Reaching a cool $1 million is a major financial goal that many people aspire to, and for very good reason.

While being a millionaire doesn’t necessarily guarantee you financial success for life, having access to that kind of coin certainly provides a measure of stability and freedom.

So Colin Williams from offers a few simple, realistic savings tips to help you achieve this very goal.

“If you saved just $1 per day, it would take one million days to reach a $1 million if you didn’t receive any investment earnings along the way. This is the equivalent to 143,000 weeks and 2,738 years!” he says.

Therefore, to reach a bank balance of $1 million before retirement, you’re going to have to seriously consider how much you can save and understand the benefit of receiving some investment earnings.

“These tips obviously don’t take into account the effect of tax, or recommend one investment asset over another,” he points out. “They simply break down the facts to give you a practical guide of reaching the magic $1 million mark.”

Tip # 1: Commit to a savings plan

Ideally, you want to kick off your savings regime with a decent deposit of $10,000 or more, but even $500 or $1,000 is a great place to start. Whatever your original bank balance, the important thing is to commit to a regular savings plan – whether it’s weekly, fortnightly or monthly – to ensure your balance continues to grow.

Tip # 2: Leverage compounding interest

Make sure you park your funds in a savings account that takes advantage of the snowball effect of compound interest. “Essentially, compound interest is the benefit of interest on interest,” Williams says. “It works like this. You start with a lump sum of say $100 and earn 10% interest, which equals $10 in interest to you. Your new total is $110. You now invest the new amount ($110) and earn another 10%, earning $11 ($110 at 10% = $11). This keeps repeating itself and creates a snowballing effect.”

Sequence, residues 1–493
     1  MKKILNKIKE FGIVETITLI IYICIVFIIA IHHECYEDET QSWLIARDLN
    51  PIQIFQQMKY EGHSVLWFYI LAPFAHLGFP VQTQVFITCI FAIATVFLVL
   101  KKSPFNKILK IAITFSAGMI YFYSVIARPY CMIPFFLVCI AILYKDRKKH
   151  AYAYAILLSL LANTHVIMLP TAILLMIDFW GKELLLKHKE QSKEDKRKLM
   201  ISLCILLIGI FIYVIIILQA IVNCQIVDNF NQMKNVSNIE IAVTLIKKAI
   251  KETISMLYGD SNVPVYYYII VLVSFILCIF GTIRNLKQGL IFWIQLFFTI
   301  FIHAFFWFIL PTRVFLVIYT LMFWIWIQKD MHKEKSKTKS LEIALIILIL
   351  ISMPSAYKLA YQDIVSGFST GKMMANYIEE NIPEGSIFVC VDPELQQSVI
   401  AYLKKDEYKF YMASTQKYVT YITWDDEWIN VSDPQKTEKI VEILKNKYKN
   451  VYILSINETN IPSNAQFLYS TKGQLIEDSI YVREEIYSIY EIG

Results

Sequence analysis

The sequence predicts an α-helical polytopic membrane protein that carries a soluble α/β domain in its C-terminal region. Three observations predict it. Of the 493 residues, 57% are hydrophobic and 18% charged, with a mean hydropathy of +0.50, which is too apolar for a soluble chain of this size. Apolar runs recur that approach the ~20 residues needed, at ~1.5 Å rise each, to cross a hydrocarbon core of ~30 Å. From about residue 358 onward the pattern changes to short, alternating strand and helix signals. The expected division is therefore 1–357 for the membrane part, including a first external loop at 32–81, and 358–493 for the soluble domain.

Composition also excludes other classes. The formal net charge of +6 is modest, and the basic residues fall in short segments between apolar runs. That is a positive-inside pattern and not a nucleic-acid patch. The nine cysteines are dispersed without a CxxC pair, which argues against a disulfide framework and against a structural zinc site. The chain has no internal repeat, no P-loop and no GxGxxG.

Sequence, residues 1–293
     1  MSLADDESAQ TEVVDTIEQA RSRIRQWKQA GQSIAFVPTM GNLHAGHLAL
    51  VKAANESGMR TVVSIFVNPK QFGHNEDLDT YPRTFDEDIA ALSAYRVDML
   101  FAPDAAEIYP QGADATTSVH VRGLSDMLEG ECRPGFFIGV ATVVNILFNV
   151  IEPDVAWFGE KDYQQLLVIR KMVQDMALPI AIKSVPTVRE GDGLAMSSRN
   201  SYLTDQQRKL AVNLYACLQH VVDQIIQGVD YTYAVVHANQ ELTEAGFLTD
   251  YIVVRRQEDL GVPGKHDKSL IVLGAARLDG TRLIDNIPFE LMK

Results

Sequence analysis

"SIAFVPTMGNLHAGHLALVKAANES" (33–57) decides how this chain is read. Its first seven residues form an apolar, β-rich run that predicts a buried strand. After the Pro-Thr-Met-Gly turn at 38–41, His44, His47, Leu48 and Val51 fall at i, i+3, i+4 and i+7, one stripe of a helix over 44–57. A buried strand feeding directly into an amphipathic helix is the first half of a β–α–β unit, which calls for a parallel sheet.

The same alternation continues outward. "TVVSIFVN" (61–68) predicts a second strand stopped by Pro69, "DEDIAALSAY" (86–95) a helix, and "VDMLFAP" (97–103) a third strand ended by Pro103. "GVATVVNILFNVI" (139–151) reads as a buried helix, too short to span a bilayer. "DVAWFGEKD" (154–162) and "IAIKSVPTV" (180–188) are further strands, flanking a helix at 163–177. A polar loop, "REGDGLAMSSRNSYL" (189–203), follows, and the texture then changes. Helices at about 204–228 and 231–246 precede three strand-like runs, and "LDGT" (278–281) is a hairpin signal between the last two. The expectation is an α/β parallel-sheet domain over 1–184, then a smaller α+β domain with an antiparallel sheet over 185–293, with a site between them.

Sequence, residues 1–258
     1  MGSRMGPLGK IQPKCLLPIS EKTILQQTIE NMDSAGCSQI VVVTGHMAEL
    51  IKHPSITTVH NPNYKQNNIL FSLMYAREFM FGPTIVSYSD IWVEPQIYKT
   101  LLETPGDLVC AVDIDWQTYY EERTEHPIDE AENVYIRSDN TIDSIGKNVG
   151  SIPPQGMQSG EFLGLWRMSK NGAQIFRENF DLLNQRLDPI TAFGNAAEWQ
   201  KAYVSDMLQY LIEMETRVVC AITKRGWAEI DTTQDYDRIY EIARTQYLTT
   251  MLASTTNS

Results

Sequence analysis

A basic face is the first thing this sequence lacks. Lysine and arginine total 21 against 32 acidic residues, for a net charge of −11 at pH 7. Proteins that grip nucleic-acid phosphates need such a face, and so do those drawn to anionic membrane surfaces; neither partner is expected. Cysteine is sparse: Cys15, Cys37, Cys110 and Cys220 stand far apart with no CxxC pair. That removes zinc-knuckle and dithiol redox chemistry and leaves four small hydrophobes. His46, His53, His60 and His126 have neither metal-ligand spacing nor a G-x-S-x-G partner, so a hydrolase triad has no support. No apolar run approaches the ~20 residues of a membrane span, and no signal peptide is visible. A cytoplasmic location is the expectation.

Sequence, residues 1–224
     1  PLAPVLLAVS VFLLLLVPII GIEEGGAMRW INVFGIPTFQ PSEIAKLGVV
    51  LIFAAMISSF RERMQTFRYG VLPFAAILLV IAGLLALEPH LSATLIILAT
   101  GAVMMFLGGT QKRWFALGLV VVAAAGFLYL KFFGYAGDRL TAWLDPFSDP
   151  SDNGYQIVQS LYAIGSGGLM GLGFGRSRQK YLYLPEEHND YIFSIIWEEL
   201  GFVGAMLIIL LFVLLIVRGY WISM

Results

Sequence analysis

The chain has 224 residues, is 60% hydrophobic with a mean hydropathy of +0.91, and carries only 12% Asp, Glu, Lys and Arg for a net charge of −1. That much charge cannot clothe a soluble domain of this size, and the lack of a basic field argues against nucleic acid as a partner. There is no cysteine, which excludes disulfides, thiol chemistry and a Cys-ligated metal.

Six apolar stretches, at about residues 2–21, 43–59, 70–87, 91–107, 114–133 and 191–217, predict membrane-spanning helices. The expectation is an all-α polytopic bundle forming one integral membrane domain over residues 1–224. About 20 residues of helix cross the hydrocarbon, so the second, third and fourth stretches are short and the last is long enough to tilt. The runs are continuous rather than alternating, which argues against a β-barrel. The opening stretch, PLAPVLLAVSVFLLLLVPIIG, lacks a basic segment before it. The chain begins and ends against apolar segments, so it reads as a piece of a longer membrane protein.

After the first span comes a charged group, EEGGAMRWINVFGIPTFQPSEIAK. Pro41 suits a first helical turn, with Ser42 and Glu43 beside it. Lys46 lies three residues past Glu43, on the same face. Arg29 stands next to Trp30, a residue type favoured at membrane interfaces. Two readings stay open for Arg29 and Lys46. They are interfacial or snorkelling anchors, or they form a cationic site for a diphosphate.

Tip #3: Consider your risk profile

Chasing higher earnings can result in profitable lump sums that boost your account balance, but it will mean taking greater risks. “We have all seen where that can lead to, with some share and property asset values collapsing in recent years,” Williams says. “As a rule of thumb, the longer the time frame you have without needing access to your savings, the more risk you can afford to take with assets like shares and property.” Ultimately, however, you need to settle on a level of risk that you’re comfortable with – which means it may take a little longer to reach your goal.

Tip #4: Don’t forget inflation

While inflation will impact the real future value (or purchasing power) of your $1 million, it may also have the impact of increasing your income and thus helping you reach seven figures even sooner. An inflation rate of 3% sees an average annual income of $60,000 increase by around $1,800 in one year, which is extra money in the bank earning interest, thereby inching you one step closer to the magic million.

Tip #5: Be weary of putting all your eggs in one basket

“Diversifying investments into different asset sectors by having a mix of shares, property and cash investments can reduce your overall investment risk,” Williams says. And remember that slow and steady wins the race: “While warnings about scams are constantly in the news, people still keep falling for them and losing their hard earned savings. Remember these two things: one, if you don’t understand it, don’t do it, and two, if it sounds too good to be true, it probably is.”